Question about programming jobs.

Discussion in 'Java' started by Javier, Dec 17, 2006.

  1. Javier

    Javier Guest

    Hello

    I do not know if this question might sound out of place here but I
    really need help and I think in here I can
    find answers to my situation.I am doing an associate degree in
    programming, and my question is if is enough to find a job in the IT
    field with this qualification, or if I would be better off doing a
    bachelor in computer sciences, because each time I do a job search I
    almost always find that the requirement is a bachelor degree, and
    knowledge in different programming languages,and: html, css,xlm, linux,
    etc. Do you think I am right when I think that it is better to finish
    the associate degree and know how to work with different programming
    languages, etc, or to do a bachelor where I would have a higher degree
    but not enough knowledge about programming, also I would like to know
    if is true that the programming field is poor in the US due to
    outsourcing, and that is not a very good option as a career( some
    people have said that to me, and also let me specify this people are
    not int the IT field so I am not sure if I should trust their opinions)
    I do not know anybody in the field, so I would really appreciate your
    opinions, I am really going crazy here being not sure which path to
    take.

    Thank you in advance.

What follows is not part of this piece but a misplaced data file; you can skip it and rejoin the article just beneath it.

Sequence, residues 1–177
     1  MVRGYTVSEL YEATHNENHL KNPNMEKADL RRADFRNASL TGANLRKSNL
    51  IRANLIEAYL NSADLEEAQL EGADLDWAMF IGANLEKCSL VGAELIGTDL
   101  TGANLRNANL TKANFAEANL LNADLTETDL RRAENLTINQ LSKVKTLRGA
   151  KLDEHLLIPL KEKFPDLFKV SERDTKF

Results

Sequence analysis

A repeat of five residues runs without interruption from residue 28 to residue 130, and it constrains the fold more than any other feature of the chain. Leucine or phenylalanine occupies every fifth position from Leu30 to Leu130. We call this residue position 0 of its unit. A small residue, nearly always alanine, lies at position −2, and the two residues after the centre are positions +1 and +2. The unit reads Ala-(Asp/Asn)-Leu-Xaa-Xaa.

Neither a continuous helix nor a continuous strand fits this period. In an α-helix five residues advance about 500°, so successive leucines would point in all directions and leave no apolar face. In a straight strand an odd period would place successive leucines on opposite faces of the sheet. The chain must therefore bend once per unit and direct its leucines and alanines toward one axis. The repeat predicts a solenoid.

Javier
    Javier, Dec 17, 2006
    #1
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  2. Javier

    Adam Maass Guest

    "Javier" <> wrote:
    > Hello
    >
    > I do not know if this question might sound out of place here but I
    > really need help and I think in here I can
    > find answers to my situation.I am doing an associate degree in
    > programming, and my question is if is enough to find a job in the IT
    > field with this qualification, or if I would be better off doing a
    > bachelor in computer sciences, because each time I do a job search I
    > almost always find that the requirement is a bachelor degree, and
    > knowledge in different programming languages,and: html, css,xlm, linux,
    > etc. Do you think I am right when I think that it is better to finish
    > the associate degree and know how to work with different programming
    > languages, etc, or to do a bachelor where I would have a higher degree
    > but not enough knowledge about programming, also I would like to know
    > if is true that the programming field is poor in the US due to
    > outsourcing, and that is not a very good option as a career( some
    > people have said that to me, and also let me specify this people are
    > not int the IT field so I am not sure if I should trust their opinions)
    > I do not know anybody in the field, so I would really appreciate your
    > opinions, I am really going crazy here being not sure which path to
    > take.
    >


    IMHO, take the bachelor's path.

    The days of the simple programmer -- getting by on a programming language or
    two -- aren't exactly over, but fading in the United States. Better to have
    some Software Engineering skills, and knowledge of how to work with remote
    teams. The particular skills aren't as important as the knowledge of how to
    get a running system that meets requirements on time and under budget.

    India isn't as inexpensive as it once was, but it well esconced in the
    industry, and won't be going away for a good long time, if ever.

    -- Adam Maass
    Adam Maass, Dec 18, 2006
    #2
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  3. Javier